Co-calibration of self-reported measures of Pain Interference: the Patient Reported Outcomes Measurement Information System and the Brief Pain Inventory
Askew, Robert L.
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Introduction: To help researchers in MS take advantage of the measurement properties of the PROMIS Pain Interference instruments while maintaining continuity with previous research, a co-calibration table was developed that transforms scores from the Brief Pain Inventory (BPI-PI) to scores from the PROMIS-PI short form (SF). Methods: Data for the development of the score co-calibration were collected as part of a longitudinal study of pain and fatigue in adults (n=369) with Multiple Sclerosis (MS). Data for the co-calibration validation were collected as part of a separate longitudinal study of Aging in individuals with physical disabilities (n=360). The development of the co-calibration was a multistage procedure that included dimensionality assessment, fitting an item response theory based two-parameter logistic model, estimating difficulty and discrimination parameters for items of the BPI-PI, deriving trait scores of pain interference, and matching instrument level summary scores. Results: The co-calibration table functioned well with a mean difference between the actual SF scores and SF scores predicted by the table of 0.51 (sd=3.9). The largest differences were observed at the low-end of pain interference where variance in measurement is typically higher and where high precision is not necessarily as important as it is at higher levels of pain interference. The co-calibration performed nearly as well in terms of predictive accuracy in the validation dataset. With respect to residual errors from the equating procedure, approximately 80% of the predicted scores in the developmental sample were within 4 points difference (<1/2 sd) of their respective PROMIS-PI SF scores, and 70% were within 4 points in the validation sample. Conclusions: Two measures of pain interference were co-calibrated and a reference table of corresponding scores is presented. MS researchers and clinicians can use this table to facilitate comparisons between studies and to maintain continuity with previous research.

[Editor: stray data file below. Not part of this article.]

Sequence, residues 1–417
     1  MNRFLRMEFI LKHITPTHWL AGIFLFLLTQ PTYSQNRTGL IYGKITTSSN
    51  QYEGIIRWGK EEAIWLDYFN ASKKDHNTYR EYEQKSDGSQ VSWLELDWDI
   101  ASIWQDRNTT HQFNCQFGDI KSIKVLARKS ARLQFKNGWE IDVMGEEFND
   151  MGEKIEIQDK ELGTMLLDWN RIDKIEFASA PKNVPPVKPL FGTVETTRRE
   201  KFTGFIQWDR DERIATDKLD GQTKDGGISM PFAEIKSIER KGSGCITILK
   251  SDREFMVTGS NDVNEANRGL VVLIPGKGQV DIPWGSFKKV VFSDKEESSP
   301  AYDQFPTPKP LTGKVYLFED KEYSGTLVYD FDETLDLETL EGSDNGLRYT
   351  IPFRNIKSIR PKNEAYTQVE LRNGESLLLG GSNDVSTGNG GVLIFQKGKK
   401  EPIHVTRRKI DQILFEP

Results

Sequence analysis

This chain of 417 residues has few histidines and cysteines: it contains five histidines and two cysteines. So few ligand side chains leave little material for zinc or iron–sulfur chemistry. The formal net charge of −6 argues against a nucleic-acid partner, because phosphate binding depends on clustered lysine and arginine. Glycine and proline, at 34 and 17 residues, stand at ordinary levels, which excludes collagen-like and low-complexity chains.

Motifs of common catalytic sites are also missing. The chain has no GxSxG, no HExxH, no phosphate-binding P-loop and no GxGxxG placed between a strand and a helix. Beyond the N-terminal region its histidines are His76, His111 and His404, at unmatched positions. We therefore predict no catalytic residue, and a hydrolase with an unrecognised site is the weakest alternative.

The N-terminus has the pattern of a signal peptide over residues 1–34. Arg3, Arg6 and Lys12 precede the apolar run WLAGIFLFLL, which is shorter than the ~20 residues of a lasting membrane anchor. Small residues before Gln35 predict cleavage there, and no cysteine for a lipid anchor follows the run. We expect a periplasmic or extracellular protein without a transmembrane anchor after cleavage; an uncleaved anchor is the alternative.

- Psychology